RENO, NV - We depend on it to survive, but do you know exactly how your water gets from Lake Tahoe to your tap?
For the Reno-Sparks area, the Truckee Meadows Water Authority or "TMWA" supplies your water.
The company received an award from the Partnership for Safe Water for being in the top 2% of the nation for having the best water.
The water is reportedly so clean that TMWA officials claim the tap water is just as good as bottled water.
KOLO 8 News Now wanted to see if that claim was true, so we toured TMWA's treatment plant to see the six stages of how raw water from the Truckee River becomes safe to drink.
As the snow melts and flows down into Lake Tahoe, it feeds into the Truckee River, part of which flows into the treatment plant.
Stage One is Pre-Settling, which filters out all the large objects, like rocks and twigs.
"We're very blessed with such a good water system upstream. You don't have a lot of industry feeding into the water system," said Will Raymond, Water Operations Supervisor for TMWA. "We don't have a lot of pollution from storm drains. This is some of the best water we're going to get out of the Truckee River."
But even though the water seems clear, parasitic micro-organisms live in the river, and experts say you should never drink straight from it. TMWA officials say they know how dirty or clean water is by using a turbidimeter.
"How a turbidimenter works is it gauges how clean or dirty the water is," said Raymond.
At the start of KOLO's tour, the raw water tested at about a 1.67 NTU, nephelometric turbidity unit. The government requires the water to be under .3 NTU before it can stream out to consumers.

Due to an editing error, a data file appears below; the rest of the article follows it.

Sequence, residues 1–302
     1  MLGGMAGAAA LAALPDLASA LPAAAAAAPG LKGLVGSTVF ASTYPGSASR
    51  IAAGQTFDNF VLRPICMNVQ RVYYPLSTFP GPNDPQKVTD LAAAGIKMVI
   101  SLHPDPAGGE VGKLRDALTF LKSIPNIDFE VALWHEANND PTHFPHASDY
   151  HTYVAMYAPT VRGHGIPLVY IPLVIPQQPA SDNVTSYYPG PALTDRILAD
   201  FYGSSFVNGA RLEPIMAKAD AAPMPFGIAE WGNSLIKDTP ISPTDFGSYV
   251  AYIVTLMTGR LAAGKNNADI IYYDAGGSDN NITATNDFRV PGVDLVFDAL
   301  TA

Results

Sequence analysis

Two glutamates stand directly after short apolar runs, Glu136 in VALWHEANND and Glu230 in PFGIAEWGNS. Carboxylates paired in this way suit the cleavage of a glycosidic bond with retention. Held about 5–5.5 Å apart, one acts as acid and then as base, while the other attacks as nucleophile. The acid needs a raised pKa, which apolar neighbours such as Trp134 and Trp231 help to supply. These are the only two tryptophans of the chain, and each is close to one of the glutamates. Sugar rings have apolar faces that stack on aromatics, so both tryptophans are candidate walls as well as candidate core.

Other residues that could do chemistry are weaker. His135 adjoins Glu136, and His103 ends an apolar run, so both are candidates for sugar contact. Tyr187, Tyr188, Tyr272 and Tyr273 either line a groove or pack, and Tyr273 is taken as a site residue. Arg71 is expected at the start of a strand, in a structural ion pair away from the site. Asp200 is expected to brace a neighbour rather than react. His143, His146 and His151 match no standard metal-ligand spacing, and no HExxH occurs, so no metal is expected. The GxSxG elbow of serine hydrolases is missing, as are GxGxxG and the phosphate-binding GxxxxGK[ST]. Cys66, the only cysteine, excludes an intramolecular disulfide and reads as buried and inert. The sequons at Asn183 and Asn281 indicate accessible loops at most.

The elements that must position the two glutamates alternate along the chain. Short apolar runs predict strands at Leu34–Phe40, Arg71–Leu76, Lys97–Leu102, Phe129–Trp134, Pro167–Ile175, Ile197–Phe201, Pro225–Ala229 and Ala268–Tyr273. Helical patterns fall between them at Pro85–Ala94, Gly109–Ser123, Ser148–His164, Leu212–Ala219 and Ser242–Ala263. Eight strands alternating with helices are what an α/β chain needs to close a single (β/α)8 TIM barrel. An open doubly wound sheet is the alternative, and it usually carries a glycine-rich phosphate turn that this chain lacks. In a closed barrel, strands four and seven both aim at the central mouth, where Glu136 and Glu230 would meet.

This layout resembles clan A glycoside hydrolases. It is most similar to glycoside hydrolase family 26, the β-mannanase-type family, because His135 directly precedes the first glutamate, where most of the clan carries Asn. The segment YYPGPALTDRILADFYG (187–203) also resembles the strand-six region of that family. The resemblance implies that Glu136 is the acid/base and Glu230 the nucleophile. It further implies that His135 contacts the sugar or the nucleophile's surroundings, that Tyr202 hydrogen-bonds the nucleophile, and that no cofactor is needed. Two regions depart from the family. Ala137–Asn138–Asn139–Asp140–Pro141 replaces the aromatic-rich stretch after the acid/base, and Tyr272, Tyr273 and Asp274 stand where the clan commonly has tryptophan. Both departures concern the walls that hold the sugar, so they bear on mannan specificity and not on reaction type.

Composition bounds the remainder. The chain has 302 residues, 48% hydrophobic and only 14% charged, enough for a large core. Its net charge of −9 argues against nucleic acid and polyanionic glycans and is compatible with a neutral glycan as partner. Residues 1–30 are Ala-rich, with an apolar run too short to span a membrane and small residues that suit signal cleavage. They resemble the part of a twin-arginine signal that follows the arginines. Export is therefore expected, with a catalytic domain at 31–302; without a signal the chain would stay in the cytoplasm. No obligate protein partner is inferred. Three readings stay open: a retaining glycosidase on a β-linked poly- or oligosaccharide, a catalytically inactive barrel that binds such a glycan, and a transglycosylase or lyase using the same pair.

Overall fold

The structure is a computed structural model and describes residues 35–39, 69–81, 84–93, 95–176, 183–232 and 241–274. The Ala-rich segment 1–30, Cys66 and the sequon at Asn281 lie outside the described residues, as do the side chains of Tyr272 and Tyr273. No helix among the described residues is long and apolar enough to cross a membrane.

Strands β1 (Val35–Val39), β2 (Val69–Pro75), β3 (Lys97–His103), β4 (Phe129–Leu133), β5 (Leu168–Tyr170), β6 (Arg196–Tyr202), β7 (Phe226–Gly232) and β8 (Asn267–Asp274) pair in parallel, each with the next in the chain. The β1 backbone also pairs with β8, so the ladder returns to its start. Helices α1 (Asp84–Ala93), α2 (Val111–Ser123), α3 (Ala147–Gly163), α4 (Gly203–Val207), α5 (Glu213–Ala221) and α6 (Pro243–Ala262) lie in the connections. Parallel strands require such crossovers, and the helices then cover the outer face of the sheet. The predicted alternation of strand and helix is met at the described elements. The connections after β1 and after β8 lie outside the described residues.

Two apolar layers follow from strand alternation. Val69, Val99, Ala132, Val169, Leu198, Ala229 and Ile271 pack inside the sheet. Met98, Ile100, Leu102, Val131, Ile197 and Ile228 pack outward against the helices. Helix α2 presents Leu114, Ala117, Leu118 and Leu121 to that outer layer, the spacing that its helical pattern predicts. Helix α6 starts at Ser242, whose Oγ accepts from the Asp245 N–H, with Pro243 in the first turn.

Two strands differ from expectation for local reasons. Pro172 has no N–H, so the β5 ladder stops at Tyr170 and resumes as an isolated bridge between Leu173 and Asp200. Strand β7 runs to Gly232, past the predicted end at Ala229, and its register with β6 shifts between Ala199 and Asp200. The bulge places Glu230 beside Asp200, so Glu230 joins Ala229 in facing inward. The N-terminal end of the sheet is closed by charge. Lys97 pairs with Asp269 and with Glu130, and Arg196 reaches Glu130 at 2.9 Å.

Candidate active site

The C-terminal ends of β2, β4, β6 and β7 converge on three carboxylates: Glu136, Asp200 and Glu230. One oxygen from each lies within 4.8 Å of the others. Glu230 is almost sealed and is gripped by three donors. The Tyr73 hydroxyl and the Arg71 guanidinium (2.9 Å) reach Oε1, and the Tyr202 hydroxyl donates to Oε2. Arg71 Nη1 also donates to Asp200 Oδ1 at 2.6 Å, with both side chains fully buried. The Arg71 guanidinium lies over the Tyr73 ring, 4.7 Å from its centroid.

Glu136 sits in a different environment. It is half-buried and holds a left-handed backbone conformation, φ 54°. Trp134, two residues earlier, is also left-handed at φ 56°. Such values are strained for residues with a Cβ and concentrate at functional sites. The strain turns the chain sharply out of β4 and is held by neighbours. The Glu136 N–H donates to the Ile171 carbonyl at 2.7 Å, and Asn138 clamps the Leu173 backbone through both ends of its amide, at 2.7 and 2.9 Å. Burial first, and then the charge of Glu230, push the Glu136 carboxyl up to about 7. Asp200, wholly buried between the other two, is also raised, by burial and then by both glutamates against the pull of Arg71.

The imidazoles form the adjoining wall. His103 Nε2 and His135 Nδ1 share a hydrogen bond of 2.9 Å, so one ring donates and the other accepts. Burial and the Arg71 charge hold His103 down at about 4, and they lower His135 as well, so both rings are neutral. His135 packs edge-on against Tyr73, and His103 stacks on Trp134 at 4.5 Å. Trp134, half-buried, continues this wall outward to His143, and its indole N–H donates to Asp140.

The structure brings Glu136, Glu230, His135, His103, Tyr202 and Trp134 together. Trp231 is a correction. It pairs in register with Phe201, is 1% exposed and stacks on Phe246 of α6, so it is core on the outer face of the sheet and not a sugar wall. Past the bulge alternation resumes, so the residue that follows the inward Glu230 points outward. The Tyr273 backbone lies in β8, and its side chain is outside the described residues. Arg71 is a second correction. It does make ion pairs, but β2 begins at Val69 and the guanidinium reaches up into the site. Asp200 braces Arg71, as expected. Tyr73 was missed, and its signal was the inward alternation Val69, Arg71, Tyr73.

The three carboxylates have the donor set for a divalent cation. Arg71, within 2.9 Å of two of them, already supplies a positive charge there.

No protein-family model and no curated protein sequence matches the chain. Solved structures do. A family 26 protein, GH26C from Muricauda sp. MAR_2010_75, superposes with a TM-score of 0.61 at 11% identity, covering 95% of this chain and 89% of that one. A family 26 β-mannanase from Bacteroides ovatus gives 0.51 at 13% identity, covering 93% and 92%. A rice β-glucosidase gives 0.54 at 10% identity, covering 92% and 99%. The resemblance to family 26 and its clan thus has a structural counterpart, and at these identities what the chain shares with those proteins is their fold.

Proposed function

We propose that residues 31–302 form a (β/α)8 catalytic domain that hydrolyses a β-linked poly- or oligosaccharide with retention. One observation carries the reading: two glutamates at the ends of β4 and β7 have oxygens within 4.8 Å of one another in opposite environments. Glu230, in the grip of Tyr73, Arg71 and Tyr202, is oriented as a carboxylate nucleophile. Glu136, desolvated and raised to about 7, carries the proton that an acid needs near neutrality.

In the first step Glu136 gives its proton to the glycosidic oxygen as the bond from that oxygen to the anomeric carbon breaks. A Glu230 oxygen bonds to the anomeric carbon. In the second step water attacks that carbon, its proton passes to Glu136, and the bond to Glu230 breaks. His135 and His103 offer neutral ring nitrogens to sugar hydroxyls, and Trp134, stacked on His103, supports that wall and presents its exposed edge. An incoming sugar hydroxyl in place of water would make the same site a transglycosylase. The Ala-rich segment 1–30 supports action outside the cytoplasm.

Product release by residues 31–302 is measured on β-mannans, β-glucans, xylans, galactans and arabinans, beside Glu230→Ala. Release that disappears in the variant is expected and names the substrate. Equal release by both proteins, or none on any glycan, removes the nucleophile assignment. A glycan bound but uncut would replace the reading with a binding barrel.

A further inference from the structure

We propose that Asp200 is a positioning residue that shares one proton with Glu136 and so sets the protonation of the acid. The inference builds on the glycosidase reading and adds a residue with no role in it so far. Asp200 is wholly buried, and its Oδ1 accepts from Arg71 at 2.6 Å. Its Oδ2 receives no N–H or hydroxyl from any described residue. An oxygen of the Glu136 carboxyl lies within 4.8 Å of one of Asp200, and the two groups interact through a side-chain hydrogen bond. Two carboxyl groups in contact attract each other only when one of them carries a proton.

After all the large objects are filtered out comes Stage Two: Rapid Mix.
"Right now, we're going to walk down into the rapid mix section of the water treatment process," said Raymond. "This is where we add the polyaluminum chloride, the very well known water treatment chemical. It's very safe, and it's certified by the NSF for water treatment chemicals."
During Stage Two, polyaluminum chloride helps dirt particles clump together so the particles are easier to filter out. They call these clumps "floc" which leads to Stage Three: Flocculation.
"The whole point of flocculation is to use the chemical that was intermixed in the rapid mix to start to get a lot of these really small particles to bind together," said Raymond. "They start getting a little bit heavier, a little bit larger, as it goes through this over under process of flocculation."
Stage Four is Sedimentation.
"Now you have the floc that came over from flocculation, and the only way to get into these troughs is to work its way against gravity through these plate settlers which is why the water is super clean after the plate settlers," said Raymond. "You can see all the floc before it's gone through."
Stages Five and Six are Filtration and Disinfection, the final stages of the water treatment. At the end of the tour, Raymond showed us the turbidimeter for the treated water. The result was a 0.02 NTU level.
"There is an assumption that bottled water is safer or cleaner or something like that because you're buying it as a product at the grocery store," said Raymond. "Tap water that comes out of your faucet is regulated by the EPA, and that's definitely more rigorously tested, and we're held to a higher standard than the FDA holds bottled water."
As for the claim that tap water is just as pure as bottled water?
We put it to the test with a turbidimeter -- a machine that analyzes how clean the water is.
First, we looked at how Arrowhead, Dasani, and Smart Water did.
Each tested around 0.06 NTU.
Then we examined the tap water, and found that it tested 0.067 NTU.